Can HIV be Transmitted by Mosquitoes?

The "flying hypodermic" can pass on malaria, but what about AIDS?
21 March 2017





Is it possible to get HIV from a mosquito that has drawn blood from an infected person and passed it onto a healthy person?


Ricky Nathvani put Mehran's question to Peter Bull at the Department of Pathology at the University of Cambridge...

Peter - The short answer to this question is very clearly stated by The Centre for Disease Control in Atlanta on their website. No, HIV is not transmitted by mosquitoes, ticks, or any other insects.

Ricky - Phew! Well that’s a relief... but why?

Peter - Several viruses are transmitted by insects. For example: dengue, zika, yellow fever, and the parasites responsible for malaria and sleeping sickness. If all these diseases are transmitted by insects, why not HIV?

What all these infections have in common is the ability to reproduce and multiply within specific insects and then be reinjected into another person. By contrast, HIV is immediately rendered harmless once it gets digested in the insect’s gut.

Ricky - So, it turns out that HIV in infected blood just gets digested inside mosquitoes and can’t do much from there. But how do all those other nasty diseases end up surviving?

Peter - Viruses like dengue, that I just mentioned, are all in the same biological group called flaviviruses. They can all reprogramme insect cells to manufacture copies of themselves. This is an enormous feat of nanoengineering involving specific interactions between many virus and insect molecules. And the viruses genetic software, if you like, only works with compatible insect’s cellular hardware.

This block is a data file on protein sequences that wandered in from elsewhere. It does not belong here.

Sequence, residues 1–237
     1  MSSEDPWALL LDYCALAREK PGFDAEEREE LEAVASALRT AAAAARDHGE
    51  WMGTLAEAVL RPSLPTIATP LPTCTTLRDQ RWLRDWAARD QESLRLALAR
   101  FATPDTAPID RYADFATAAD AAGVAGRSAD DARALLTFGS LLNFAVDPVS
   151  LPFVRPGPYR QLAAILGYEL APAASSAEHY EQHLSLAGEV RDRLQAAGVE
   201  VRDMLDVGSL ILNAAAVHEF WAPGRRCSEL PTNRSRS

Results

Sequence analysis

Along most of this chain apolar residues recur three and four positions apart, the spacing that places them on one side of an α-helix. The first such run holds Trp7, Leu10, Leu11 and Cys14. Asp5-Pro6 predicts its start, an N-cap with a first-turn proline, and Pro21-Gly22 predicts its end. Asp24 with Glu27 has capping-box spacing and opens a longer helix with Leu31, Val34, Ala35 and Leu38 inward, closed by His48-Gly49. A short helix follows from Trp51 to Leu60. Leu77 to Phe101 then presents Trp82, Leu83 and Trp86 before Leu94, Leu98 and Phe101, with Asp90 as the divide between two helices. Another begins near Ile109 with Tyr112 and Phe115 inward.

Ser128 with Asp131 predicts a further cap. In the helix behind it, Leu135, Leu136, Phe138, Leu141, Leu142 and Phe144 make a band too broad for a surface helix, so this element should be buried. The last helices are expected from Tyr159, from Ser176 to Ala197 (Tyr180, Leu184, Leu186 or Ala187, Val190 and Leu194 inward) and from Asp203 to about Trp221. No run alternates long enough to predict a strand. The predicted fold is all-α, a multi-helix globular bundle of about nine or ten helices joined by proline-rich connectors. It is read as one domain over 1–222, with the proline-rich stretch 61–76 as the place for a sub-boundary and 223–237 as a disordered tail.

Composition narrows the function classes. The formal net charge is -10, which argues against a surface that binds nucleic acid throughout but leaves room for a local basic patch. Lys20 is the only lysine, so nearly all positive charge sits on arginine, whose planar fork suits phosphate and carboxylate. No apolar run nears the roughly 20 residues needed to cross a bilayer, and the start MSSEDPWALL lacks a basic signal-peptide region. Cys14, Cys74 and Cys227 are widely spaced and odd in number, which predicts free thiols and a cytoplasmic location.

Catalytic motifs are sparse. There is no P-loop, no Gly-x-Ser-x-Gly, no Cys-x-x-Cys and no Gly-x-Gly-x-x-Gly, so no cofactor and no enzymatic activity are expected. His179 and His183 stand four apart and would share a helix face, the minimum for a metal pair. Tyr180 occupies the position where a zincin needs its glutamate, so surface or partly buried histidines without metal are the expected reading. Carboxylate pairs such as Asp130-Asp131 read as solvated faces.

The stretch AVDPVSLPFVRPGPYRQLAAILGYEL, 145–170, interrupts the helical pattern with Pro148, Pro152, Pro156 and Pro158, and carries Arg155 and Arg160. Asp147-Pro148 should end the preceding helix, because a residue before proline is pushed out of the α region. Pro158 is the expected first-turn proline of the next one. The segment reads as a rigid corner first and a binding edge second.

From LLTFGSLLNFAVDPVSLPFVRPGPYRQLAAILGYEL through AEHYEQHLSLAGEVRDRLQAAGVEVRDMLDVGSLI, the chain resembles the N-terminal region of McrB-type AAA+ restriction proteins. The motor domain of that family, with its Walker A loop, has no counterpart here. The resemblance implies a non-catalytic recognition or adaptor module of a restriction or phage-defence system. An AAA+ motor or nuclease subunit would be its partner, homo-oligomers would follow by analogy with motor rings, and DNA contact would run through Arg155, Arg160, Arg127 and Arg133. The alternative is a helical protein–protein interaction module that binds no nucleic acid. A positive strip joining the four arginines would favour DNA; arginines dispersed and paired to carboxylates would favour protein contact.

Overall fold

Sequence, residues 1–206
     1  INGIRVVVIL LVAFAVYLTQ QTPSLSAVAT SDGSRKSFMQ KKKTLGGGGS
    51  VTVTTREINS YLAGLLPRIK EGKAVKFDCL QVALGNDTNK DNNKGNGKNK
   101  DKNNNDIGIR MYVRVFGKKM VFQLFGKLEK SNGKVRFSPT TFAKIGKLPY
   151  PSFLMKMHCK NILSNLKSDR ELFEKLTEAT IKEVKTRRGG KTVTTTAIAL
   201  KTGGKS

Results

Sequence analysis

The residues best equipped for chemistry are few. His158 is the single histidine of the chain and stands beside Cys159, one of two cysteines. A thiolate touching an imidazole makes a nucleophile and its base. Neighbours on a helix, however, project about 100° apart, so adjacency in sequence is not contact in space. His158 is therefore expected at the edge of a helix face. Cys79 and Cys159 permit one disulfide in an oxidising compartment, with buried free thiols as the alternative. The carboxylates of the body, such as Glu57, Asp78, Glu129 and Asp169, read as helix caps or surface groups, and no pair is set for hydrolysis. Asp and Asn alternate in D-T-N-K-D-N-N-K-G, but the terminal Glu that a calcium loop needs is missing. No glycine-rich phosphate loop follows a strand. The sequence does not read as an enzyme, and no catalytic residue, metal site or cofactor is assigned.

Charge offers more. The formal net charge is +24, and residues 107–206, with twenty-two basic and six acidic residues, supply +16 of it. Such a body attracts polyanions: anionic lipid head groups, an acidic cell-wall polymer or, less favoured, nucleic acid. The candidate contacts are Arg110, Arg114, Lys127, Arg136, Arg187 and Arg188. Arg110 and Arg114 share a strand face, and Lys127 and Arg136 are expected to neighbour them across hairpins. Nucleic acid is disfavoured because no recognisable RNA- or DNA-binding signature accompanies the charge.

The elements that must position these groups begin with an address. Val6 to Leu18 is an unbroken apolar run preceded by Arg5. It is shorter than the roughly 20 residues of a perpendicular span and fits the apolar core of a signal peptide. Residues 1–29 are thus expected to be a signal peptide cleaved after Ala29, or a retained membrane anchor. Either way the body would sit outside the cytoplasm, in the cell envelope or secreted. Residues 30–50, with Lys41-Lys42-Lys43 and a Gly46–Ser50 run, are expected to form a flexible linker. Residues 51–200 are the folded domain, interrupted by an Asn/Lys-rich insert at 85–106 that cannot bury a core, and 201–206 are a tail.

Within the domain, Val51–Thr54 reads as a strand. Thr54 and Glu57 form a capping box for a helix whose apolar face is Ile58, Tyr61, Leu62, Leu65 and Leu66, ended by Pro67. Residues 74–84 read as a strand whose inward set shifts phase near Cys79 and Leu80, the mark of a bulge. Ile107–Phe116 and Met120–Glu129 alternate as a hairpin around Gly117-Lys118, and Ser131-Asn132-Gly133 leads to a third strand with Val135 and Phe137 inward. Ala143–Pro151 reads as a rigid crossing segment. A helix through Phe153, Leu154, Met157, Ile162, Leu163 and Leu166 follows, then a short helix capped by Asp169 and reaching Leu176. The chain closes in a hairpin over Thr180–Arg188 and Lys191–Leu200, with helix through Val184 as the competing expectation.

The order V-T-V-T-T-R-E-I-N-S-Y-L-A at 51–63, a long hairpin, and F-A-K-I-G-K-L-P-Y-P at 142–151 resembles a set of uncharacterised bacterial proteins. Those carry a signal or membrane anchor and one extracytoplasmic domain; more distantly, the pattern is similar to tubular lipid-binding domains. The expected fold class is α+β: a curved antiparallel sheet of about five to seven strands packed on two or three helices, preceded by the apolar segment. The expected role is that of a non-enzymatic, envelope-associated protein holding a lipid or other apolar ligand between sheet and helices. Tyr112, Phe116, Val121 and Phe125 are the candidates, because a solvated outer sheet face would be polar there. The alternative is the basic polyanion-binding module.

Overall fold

Similarly, the parasite responsible for malaria has evolved to infect insects over millions of years. Instead of being destroyed by mosquito digestive juices, which is what happens to HIV, the parasite’s sex cells picked up from an infected human fuse to form a new immature form of the parasite. After escaping through the wall of the gut, this divides to produce thousands of new malaria parasites which make their way to the mosquito's salivary glands ready to be injected with saliva through a dedicated tube into another human when the mosquito next takes a blood meal.

Ricky - So certain diseases can hijack the mosquito cells to make thousands of copies of itself. But thankfully, other blood borne viruses like HIV can’t really do this…

Peter - There are a lot of stages a virus or a parasite has to go through to be transmitted between humans. HIV isn’t capable of surviving and replicating in a mosquito so it can be transmitted because it gets destroyed in the mosquito’s gut. Nor is it able to infect or multiply in insect cells. Insects are not like flying syringe needles or blood bags, and only a handful of infectious agents have evolved the specialised ability to reproduce in insects and then spread to another person.

Ricky - So malaria and yellow fever might find it’s way into you from a mosquito, but at least HIV won’t. Cheers for the answer Peter.


There are a large number of biting flies that transmit infections purely mechanically (the infective organism doesn't develop within the insect, but the interupted feeding habits of the fly means there is blood on the insects mouthparts as it goes from host to host. For example Trypanosoma Vivax infections spread by species of Stomoxys, Chrysops and other flies. Probably not important but could they be responsible for some transmission?

No, it's highly unlikely. The infecting dose from a bite alone, without amplifying the bug numbers within the fly vector, is so vanishingly small as to be negligible.

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